“Children love their mothers. Especially with a boy child and his mother, there’s a bond that’s unbreakable.” – Tyler Perry
Today marks the first Mother’s Day that I will spend without all of my precious children. While being a mother is a learn as you go task where we all fly by the seat of your pants rule by instinct and a deep rooted love for your babies, I believe that this last year had taught me more than I could ever have imagined about what it is to be a mom. The selflessness and determination.
To see a young mother more afraid than she ever could be about the future of her sick child, yet she coos and bounces her baby while tube and pumps are attached. To see the smile plastered on the face of another while she chases her little one down the hall as he rides a big wheel, just so that the iv pole can keep up. To see yet another mother come along side of a newly diagnosed mom and show her the ropes in the midst of her own fear. To hear her calm nature in the middle of the night as she soothes her crying and worried child through treatments. To pass by her room and see her sitting next to her child’s bed and holding his hand as he finally is able to sleep, exhausted herself yet unwilling to leave the side of her precious one. To see her finally and only break down as she walks through the hall off the ward out of view of her child where she can finally for a brief moment face her fears. To watch her with her healthy children, still encouraging, hoping and supporting. Determined to make sure they do not feel left behind as the tornado of a medical crisis takes hold. To see a mom of a terminal child, who’s moments are being counted down by minutes and seconds, lay beside her baby in bed and watch a rerun of Spongebob while holding back tears and filling the room with all the love she can muster from her being to bring peace and joy into such a dark moment. Being a mom is hard work under any circumstance but being a mom of a child with a life threatening illness takes on a whole new meaning. I watch these mother’s and I drink it all in. I have learned so much from their diligence, compassion and love.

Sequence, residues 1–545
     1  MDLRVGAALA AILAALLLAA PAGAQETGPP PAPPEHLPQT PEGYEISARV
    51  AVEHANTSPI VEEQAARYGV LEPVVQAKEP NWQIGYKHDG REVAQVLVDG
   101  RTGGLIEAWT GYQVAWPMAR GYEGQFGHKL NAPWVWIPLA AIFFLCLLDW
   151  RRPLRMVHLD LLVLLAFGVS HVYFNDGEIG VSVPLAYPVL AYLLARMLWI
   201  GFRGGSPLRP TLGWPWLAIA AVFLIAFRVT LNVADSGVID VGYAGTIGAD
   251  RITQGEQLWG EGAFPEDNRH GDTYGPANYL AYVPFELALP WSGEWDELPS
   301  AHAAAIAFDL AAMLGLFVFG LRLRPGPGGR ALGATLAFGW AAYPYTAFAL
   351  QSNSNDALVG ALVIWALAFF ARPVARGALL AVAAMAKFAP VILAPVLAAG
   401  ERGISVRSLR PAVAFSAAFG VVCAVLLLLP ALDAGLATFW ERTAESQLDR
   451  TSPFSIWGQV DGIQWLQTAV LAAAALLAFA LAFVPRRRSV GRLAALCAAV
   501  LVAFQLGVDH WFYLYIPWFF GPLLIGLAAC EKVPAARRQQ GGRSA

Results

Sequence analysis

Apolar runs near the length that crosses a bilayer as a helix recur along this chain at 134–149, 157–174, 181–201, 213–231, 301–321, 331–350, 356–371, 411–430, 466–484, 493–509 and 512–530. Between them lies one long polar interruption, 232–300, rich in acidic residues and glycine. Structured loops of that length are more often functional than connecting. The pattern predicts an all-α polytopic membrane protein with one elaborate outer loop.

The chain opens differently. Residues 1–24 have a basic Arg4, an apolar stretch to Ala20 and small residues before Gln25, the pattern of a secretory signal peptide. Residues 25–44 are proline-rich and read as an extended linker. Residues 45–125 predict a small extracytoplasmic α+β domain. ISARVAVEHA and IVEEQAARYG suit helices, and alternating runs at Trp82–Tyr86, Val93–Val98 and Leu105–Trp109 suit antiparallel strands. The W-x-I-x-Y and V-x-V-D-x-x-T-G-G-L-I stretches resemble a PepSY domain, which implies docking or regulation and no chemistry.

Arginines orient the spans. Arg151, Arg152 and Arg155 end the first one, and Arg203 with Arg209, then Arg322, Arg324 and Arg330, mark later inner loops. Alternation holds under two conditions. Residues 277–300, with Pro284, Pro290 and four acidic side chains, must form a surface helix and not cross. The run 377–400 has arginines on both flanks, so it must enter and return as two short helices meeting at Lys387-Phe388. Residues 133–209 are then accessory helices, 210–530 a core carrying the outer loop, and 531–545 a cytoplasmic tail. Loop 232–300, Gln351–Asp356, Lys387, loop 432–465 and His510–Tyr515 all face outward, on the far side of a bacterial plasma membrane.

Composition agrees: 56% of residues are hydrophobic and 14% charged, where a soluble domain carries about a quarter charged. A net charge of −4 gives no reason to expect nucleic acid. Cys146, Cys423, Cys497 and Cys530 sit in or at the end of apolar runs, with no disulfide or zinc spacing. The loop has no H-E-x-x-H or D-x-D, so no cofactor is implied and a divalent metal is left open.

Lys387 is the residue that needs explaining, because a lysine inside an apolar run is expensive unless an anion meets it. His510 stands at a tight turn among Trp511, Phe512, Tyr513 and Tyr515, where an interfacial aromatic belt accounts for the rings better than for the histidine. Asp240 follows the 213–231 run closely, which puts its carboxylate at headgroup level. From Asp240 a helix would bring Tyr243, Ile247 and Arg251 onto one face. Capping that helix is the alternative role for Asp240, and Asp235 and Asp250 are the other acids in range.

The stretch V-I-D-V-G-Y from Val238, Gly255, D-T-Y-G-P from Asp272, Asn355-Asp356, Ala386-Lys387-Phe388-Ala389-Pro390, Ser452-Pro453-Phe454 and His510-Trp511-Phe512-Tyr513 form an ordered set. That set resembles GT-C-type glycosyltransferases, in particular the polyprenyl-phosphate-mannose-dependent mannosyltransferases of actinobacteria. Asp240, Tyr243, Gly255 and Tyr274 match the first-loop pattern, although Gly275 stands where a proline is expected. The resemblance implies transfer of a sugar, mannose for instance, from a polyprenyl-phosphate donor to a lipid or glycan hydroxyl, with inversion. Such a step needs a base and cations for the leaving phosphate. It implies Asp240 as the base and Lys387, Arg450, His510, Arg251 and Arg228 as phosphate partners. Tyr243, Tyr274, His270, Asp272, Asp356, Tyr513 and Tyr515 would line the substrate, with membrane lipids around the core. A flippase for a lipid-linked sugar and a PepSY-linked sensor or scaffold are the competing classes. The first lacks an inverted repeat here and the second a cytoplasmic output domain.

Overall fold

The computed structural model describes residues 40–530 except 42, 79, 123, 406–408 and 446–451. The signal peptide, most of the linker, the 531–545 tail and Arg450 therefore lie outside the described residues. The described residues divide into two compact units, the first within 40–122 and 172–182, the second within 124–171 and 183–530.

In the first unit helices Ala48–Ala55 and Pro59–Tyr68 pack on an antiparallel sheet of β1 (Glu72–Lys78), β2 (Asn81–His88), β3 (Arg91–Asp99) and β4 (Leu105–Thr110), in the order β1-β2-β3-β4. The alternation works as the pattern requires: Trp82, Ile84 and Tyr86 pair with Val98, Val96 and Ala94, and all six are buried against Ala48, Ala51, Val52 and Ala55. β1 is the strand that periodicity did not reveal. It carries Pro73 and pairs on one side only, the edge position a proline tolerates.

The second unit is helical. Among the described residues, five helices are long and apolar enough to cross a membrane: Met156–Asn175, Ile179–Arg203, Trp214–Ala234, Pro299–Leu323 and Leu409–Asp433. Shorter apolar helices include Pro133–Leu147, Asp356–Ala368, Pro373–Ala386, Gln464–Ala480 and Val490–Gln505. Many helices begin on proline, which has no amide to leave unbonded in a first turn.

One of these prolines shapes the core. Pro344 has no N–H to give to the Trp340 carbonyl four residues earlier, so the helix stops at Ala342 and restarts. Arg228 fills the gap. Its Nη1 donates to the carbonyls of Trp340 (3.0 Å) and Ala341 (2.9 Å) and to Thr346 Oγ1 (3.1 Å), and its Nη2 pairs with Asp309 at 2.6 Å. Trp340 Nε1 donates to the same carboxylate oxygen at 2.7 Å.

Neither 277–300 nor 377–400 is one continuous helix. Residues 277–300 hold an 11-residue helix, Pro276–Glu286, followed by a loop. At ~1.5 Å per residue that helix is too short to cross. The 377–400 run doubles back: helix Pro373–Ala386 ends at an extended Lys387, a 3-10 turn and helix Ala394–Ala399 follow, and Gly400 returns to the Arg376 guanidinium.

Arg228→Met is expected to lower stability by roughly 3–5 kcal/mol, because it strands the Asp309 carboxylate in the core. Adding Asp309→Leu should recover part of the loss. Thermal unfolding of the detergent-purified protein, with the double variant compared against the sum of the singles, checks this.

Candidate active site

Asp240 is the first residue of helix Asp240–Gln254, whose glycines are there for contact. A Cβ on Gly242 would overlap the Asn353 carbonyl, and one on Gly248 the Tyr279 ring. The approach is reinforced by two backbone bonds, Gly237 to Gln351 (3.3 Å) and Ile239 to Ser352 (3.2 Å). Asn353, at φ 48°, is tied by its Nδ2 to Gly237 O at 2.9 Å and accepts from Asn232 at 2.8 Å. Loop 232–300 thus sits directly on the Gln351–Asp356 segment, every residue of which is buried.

(Brady, Codi and Tucker’s Last Outing)
On the early morning that Tucker’s spirit rose free, unencumbered by the ravages of leukemia, my own mother, who had faithfully traveled this road with me, always there at a moments notice was there again without being asked. I was in a state of shock as I lied in the very bed that Tuck had died in clutching the shirt that he wore. She said nothing and so much all at the same time. She sat beside me and held my hand as the horrors of the bitter morning sank in and stayed with me as I finally drifted to sleep.
Being a mother brings you the greatest rewards and the deepest heartbreaks. It is bittersweet. It is an honor. It is the moments that you swell with pride at your child’s accomplishments and that you stay ready to endure the challenges, no matter what they are. Being a mother is never giving up.
Today I am blessed to spend with my wonderful son Brady. Who brought me delicious cup of coffee this morning, chocolates, a card and a beautiful pink hydrangea. Although he picked it out for it’s pink color knowing his mom loves all things pink. I found that it has this meaning, which to me is so perfect for Mother’s Day.
The pink hydrangea represents the “giver’s gratefulness for the recipient’s understanding”. It is a symbol of delicate beauty and it suggests anything that is sincere. The pink hydrangea is a rare beauty that should be recognized as such and be used for its specific and great meaning of grace and acceptance.
Today will be spent celebrating being a mom and remembering the good times and the bad with gratefulness for the privileges and honor.